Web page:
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Minerva Obstetrics and Gynecology 2022 Feb 02

DOI: 10.23736/S2724-606X.22.05001-1


lingua: Inglese

Menopause and female sexual dysfunctions (FSDs)

Laura CUCINELLA 1, 2 , Ellis MARTINI 1, Lara TIRANINI 1, 2, Federica BATTISTA 1, 2, Pietro MOLINARO 1, 2, Arianna CASIRAGHI 3, 4, Selene COMINOTTI 5, Manuela PICCININO 1, Roberta ROSSINI 1, Rossella E. NAPPI 1, 2

1 Research Center for Reproductive Medicine, Gynecological Endocrinology and Menopause, IRCCS S. Matteo Foundation, Pavia, Italy; 2 Department of Clinical, Surgical, Diagnostic and Pediatric Sciences, University of Pavia, Pavia, Italy; 3 School of Medicine, Vita-Salute San Raffaele University, Milan, Italy; 4 Urogynecology Unit, Division of Gynecology and Obstetrics, IRCCS San Raffaele Scientific Institute, Milan, Italy; 5 Department of Obstetrics and Gynecology, Filippo Del Ponte Hospital, University of Insubria, Varese, Italy


Biological and psycho-relational factors contribute equally to the development of sexual symptoms and associated distress, a key element to diagnose female sexual dysfunctions (FSDs) in menopausal women. Consultation at midlife represents an optimal time to discuss sexual life, and healthcare providers (HCPs) have to be proactive in rising the conversation, as patients may not report their sexual concerns spontaneously. An accurate sexual history is essential to characterize the primary symptom, determine the impact on patient’s quality of life and identify risk and precipitating factors. Among FSDs, hypoactive sexual desire disorder (HSDD) is very frequent at midlife together with genitourinary syndrome of menopause (GSM), a chronic condition negatively affecting the full sexual response. A multidimensional approach targeted to the patient’s characteristics, goals and expectations is mandatory and should start from educative counselling and correction of modifiable risk factors. When specific treatments are required, they should include non-pharmacological and pharmacological options, often prescribed in combination to address concomitantly the biological and psychosocial components of FSDs.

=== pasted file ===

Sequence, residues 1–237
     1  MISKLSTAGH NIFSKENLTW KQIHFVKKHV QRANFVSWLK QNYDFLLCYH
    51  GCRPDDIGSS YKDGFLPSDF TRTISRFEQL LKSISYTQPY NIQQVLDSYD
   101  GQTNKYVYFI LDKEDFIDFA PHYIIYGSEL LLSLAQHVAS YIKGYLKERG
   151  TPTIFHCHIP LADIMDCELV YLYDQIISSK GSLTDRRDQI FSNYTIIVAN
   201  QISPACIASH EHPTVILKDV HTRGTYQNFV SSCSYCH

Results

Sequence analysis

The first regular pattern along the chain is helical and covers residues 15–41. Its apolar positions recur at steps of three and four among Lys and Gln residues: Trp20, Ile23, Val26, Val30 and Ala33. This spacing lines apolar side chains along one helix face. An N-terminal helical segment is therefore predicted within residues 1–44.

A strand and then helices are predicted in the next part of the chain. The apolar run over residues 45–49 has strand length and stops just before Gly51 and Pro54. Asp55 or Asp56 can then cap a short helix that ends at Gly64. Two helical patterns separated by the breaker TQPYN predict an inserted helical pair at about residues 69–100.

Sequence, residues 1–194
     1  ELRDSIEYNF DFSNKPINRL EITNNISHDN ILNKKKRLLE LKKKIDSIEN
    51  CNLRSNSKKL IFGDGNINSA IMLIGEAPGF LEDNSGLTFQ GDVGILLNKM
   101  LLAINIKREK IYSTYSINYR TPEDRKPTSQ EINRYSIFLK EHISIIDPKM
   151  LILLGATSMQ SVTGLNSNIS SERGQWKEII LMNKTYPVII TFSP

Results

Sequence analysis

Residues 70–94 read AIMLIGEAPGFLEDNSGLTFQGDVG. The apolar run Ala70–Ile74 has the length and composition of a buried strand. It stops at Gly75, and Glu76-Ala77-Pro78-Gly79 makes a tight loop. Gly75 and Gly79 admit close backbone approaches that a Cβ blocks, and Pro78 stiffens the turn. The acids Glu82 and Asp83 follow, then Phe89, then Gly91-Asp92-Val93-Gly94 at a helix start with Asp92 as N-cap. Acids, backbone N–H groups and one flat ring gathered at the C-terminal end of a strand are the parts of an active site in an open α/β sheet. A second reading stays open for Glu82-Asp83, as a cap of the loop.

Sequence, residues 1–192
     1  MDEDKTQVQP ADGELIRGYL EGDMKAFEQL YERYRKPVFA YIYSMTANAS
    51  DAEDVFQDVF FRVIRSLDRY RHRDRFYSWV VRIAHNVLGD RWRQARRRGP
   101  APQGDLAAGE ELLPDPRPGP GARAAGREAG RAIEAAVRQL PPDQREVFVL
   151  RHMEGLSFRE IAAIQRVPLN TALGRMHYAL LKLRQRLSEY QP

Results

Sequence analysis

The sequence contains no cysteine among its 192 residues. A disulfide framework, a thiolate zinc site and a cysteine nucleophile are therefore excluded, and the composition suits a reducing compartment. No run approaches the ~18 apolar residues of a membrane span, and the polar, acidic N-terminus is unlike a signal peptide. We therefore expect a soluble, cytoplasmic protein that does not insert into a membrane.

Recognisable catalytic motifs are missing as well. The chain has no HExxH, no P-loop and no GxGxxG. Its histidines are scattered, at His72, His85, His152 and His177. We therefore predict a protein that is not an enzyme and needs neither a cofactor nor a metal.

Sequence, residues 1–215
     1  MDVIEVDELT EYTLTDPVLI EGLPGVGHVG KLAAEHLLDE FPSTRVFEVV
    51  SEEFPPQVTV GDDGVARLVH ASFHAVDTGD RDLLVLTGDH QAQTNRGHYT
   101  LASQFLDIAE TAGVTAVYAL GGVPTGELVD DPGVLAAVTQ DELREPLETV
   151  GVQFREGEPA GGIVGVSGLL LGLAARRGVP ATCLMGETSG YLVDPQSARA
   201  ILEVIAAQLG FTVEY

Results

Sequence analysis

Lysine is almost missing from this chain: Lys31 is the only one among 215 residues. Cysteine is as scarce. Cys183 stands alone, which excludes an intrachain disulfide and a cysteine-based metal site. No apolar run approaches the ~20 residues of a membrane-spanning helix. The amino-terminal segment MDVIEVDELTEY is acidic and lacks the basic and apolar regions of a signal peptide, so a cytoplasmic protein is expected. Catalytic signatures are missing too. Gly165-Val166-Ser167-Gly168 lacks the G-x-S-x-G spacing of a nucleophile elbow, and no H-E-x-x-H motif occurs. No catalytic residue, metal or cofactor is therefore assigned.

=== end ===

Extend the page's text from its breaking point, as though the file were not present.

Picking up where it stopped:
KEY WORDS: Menopause; Female sexual dysfunctions (FSDs); Hypoactive sexual desire disorder (HSDD); Genitourinary syndrome of menopause (GSM); Vulvovaginal atrophy (VVA)

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